It’s already evident that 2015 will be marked by talk of changing mortgage rates and regulations. Rates should stay low, but consumers and finance experts alike believe that we’re at or near rate bottoms. Early indications point to more sales, more listings, more new construction and more excitement. It’s not expected to be the overblown land grab of the early 2000s, but it should feel like a healthy market, which, in and of itself, may feel like an odd sensation to real estate practitioners accustomed to the boom and bust of the 21st century.
Closed Sales decreased 0.4 percent for existing homes and 10.6 percent for new homes. Pending Sales decreased 23.0 percent for existing homes but increased 16.5 percent for new homes.Inventory decreased 12.2 percent for existing homes but increased 14.6 percent for new homes.
The Median Sales Price was up 6.0 percent to $139,900 for existing homes but decreased 0.2 percent to $320,100 for new homes. Days on Market remained flat for existing homes but increased 20.4 percent for new homes. Supply decreased 13.6 percent for existing homes but increased 12.9 percent for new homes.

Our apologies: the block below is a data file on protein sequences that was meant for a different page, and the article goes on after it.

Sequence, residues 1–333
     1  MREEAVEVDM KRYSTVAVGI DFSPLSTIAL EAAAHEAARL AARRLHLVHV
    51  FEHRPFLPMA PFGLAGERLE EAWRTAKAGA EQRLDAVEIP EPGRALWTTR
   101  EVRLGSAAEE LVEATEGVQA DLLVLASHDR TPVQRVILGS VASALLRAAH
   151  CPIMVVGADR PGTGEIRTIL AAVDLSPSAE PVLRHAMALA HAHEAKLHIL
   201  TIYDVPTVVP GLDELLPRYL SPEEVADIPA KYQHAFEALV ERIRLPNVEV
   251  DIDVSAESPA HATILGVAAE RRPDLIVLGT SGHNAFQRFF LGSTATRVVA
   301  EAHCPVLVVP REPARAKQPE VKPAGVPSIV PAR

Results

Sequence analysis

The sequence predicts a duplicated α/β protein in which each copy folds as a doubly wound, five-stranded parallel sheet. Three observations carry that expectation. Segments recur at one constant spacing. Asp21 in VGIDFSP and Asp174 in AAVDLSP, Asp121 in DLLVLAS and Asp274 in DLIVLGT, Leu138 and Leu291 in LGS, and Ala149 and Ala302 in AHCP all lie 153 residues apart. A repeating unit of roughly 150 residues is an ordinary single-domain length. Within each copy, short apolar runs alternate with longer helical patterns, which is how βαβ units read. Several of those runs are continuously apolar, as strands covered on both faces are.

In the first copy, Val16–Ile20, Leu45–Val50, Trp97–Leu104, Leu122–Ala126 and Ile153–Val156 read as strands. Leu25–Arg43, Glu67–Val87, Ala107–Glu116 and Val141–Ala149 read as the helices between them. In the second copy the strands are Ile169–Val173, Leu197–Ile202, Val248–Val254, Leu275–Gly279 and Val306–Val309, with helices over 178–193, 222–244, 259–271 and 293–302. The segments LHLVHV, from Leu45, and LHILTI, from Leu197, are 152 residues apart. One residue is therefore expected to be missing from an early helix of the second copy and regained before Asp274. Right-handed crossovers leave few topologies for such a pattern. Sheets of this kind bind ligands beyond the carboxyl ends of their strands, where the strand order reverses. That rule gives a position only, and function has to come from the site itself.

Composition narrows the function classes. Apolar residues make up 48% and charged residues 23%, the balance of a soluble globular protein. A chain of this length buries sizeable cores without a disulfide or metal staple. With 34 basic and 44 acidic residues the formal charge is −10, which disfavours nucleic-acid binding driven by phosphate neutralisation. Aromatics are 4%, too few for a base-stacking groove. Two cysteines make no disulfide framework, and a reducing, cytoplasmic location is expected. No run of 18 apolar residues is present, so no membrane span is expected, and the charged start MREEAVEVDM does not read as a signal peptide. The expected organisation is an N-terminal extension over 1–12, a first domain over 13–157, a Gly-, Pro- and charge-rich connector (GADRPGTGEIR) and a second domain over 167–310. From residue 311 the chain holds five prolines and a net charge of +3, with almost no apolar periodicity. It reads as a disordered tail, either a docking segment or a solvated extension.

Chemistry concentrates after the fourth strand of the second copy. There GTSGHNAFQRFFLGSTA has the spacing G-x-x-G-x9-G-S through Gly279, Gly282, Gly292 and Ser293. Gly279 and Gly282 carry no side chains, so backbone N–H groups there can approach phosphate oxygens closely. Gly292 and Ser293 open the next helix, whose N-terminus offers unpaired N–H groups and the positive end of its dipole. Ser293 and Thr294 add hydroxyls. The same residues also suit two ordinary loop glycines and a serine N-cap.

The 3 percent downpayment programs from Fannie Mae and Freddie Mac should help potential new homeowners, but in a recent member survey by the Independent Community Bankers of America, three-fourths of respondents stated that regulatory burdens are hurting their ability to loan money. The wider economy shows slight wage increases and gas prices near five-year lows but rising along with extended daylight and buyer demand. These various economic pushes and pulls can turn stagnant markets into exciting ones. It’s all in how you look at it.
*Information provided courtesy of KCRAR and Heartland MLS